Prescription Weight-loss Drugs   



Prescription Weight-loss Drugs

 
Thinking of trying a prescription weight-loss drug? Read this first.
Under normal circumstances, a calorie-restricted diet and plenty of moderate-to-vigorous exercise should be enough to help you lose weight.

However for those whose BMI falls in the category of 'obese', prescription weight-loss medications may provide an extra boost to help you shed pounds. This is particularly useful for those with obesity-related health conditions, pan
Under normal circumstances, a calorie-restricted diet and plenty of moderate-to-vigorous exercise should be enough to help you lose weight.

Two approaches

Prescription weight-loss dugs have two treatment approaches: suppressing appetite or inhibiting fat absorption.

Appetite suppressants, eg, phentermine, are available as tablets or extended-release capsules designed to release the medication over a period of time. This type of drug fools the body into thinking it is not hungry by altering the levels of brain chemicals associated with mood and appetite.
Fat absorption inhibitors interfere with the body's way of breaking down and absorbing dietary fat. This drug blocks the absorption of roughly 30% of fat, which is then discarded from the body through bowel movements.
Orlistat is an example of a fat absorption inhibitor.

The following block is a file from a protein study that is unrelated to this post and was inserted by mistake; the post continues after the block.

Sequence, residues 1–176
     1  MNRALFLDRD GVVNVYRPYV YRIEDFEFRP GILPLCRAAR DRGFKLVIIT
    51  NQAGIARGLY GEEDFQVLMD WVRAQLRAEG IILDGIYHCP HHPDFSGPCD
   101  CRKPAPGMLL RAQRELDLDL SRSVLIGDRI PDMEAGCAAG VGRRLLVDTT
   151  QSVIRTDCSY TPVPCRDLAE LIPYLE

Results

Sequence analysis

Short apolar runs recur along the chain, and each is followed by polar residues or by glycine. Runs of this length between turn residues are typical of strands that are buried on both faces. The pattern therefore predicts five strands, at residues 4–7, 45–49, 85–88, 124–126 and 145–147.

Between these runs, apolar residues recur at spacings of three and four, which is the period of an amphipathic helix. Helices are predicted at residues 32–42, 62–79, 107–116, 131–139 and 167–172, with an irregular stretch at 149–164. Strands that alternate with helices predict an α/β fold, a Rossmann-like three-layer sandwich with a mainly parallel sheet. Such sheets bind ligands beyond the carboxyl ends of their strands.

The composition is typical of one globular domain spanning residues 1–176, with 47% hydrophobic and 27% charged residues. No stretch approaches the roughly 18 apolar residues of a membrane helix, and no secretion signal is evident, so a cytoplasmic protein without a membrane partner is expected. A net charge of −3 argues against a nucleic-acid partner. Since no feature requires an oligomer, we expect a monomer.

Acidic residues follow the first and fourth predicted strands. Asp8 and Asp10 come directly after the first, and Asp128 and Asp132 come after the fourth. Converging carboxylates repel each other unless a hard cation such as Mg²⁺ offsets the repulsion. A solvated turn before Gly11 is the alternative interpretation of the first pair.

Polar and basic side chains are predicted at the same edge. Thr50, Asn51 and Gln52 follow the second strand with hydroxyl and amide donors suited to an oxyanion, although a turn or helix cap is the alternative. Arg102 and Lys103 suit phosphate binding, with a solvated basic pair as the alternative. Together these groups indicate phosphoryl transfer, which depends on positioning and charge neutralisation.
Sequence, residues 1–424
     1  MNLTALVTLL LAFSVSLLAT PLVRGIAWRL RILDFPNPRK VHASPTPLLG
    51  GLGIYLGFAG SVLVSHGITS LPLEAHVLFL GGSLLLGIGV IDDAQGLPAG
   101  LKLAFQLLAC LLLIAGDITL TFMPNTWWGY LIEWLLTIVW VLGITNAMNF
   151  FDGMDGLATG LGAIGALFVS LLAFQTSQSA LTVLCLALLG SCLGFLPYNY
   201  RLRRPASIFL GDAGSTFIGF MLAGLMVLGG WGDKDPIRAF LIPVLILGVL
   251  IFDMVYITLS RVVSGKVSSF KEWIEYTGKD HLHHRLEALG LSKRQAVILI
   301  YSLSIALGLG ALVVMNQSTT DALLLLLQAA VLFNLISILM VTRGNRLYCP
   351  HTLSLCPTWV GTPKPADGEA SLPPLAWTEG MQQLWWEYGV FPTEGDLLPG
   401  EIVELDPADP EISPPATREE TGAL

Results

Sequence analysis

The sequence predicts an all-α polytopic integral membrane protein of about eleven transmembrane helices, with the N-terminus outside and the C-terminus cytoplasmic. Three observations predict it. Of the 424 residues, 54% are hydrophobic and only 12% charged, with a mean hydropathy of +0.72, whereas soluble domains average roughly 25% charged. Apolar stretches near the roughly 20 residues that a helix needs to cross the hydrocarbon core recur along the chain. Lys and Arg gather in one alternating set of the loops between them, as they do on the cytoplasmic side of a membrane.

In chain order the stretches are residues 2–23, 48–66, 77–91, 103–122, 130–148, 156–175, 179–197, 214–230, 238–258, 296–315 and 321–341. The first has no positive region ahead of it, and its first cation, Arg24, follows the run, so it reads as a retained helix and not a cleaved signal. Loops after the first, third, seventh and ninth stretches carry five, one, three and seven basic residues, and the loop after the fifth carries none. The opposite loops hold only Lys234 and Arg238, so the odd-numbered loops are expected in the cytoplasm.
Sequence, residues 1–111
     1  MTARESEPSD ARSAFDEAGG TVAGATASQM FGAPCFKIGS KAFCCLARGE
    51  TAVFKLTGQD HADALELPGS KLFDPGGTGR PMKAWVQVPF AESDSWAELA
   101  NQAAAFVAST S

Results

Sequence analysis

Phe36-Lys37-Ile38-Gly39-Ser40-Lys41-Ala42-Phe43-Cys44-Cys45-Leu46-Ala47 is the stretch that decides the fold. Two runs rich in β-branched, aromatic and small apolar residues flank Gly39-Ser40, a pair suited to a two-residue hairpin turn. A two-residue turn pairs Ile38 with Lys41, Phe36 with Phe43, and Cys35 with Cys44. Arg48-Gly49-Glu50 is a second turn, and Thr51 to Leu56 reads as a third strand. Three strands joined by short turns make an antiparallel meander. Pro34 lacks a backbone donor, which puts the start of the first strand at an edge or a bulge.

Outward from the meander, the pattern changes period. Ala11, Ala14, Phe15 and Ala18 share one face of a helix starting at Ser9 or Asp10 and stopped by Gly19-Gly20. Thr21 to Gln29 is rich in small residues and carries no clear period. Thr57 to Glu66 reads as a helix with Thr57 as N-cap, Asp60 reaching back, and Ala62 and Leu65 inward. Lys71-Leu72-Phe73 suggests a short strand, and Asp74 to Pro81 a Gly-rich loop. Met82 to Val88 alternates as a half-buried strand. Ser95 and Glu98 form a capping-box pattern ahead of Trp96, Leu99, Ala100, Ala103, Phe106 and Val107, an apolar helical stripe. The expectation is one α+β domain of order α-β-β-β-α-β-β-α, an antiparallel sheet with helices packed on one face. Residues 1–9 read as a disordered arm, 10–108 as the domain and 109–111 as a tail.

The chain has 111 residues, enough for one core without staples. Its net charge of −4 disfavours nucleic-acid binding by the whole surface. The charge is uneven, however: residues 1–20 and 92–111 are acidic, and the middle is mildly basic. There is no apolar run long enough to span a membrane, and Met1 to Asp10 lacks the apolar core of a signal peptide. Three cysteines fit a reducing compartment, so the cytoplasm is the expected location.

The risks
Prescription weight-loss drugs sound like a dream come true, but beware of the poisoned apple. These drugs are accompanied by their fair share of health hazards, including:
● Addiction. Prescription weight-loss medications are controlled substances. Abuse may lead to dependence.

● Developed tolerance.
These drugs begin to lose their effectiveness around six months after use. This could be attributed to either a tolerance to the medication or that the drug has simply reached its limit in effectiveness.

● Side-effects. While most side effects resulting from prescription weight-loss drugs are bearable, some may be harder to deal with.
These include sweating, digestion problems, insomnia, drowsiness, dizziness, headache, dry mouth, anxiety and an accelerated heart rate. More serious side-effects are rare, but they have been documented.

● Malnourished. As fats are a carrier for vitamins A, D, E, K, your body may be lacking in these important nutrients. To compensate for this lack, your doctor will prescribe nutritional supplements, but you must religiously take them.

The bottom-line
Prescription weight-loss drugs may be useful, but they are not a cure-all for obesity. They are not an alternative to healthy eating and exercise, and not for long-term use. As with other medications, follow your doctor's orders strictly when you are on these drugs.
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Happy reading,
Evelyn


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